Corte – phase III

MAN: Usually in closed position step back and side left using lowering action with supporting leg relaxed.
WOMAN: Usually in closed position step forward and side right using lowering action with supporting leg relaxed.

This figure is listed only in rumba and tango, but we see it used also in other rhythms.

The important thing here is that you step side and back (or forward if you are the lady). Again, you need to be sure that you both have your balance before the man leads into the figure, and that the man does not pull the lady off balance.

Side corte – phase III

MAN: Step side left flexing supporting knee and turning to reverse semi-closed position leaving right leg extended with toe pointing to floor.
WOMAN: Step side right flexing supporting knee and turning to reverse semi-closed
position leaving left leg extended with toe pointing to floor.

This figure is only listed in the RAL definitions under tango, but again, we often see it in other rhythms as well.

While you do step and turn to RSCP, you need to be sure not to look down (rule 4) as that will break your line.

Chair – phase III

MAN: Forward right lunge step.
WOMAN: Forward left lunge step.

This is a one-step figure, but in most cases will use a full measure of music. (We are discussing the figure "chair" here, not a "chair, recover, slip." In using a full measure, this is the first figure we come to that goes through the "motion picture" stage to get to the "flash photo" stage. In this figure we really need to be sure that we stay up and do not "collapse" – no broken chairs here, please. In using all the music, you can settle into the chair, then minutely raise & re-settle. This gives a nice "photo finish."

Right lunge – phase IV

MAN: Flex left knee move side and slightly forward onto right keeping left side in toward partner and as weight is taken on right flex right knee and make slight left face body turn and look at partner.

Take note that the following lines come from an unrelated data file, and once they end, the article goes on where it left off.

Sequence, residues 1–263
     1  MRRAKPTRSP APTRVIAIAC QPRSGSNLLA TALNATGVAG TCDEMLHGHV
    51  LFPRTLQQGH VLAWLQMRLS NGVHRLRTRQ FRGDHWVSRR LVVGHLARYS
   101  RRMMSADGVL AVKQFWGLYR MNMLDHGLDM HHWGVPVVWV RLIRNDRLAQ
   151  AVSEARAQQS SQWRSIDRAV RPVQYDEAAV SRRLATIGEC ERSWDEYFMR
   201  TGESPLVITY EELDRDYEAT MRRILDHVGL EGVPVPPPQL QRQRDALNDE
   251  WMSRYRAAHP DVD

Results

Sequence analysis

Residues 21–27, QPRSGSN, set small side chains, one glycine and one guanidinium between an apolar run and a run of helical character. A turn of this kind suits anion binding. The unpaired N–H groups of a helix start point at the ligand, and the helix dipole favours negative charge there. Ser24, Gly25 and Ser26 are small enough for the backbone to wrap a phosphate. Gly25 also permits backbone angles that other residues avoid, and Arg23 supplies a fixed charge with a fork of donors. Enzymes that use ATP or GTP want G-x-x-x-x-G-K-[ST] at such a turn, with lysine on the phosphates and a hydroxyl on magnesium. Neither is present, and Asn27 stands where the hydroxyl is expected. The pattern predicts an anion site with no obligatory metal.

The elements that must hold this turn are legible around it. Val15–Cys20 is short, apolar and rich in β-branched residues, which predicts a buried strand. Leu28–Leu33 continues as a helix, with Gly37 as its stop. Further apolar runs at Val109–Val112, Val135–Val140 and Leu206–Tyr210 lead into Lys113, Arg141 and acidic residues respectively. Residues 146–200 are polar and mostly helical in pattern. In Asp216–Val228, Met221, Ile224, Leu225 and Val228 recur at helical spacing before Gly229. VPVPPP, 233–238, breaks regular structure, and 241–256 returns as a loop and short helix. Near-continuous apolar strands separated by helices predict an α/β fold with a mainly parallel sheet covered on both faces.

WOMAN: Flex right knee move side and slightly back on to left keeping right side in toward partner and as weight is taken on left flex left knee and make slight left face body turn.

We will discuss the right lunge here as a full measure of waltz timing. This figure also goes into through the "motion picture" to get to the "flash photo" stage. The flash photo comes at the very end, just before you are ready to start into the next figure. Before that, you should use all the time to gradually get to that point. That is the motion picture.

Let's be sure that we go through all 5 points. 1) The man should not start his side step into the right lunge until both partners have their full balance. He needs to feel that he is not pulling his partner right, but leading her to the right. 2) As the man places his right foot he will flex his right knee and bring his weight onto that foot. The flexed knee will help with balance. 3) Of course, the man will not over-extend his lunge, nor extend it past the comfortable lunge position of his partner (rule 5). Remember to keep your head up; the man will be looking over the lady’s left shoulder (rule 4).

Promenade sway – phase IV

MAN: Side and forward left turning to Semi-Closed Position and stretching body upward to look over joined lead hands, relax left knee,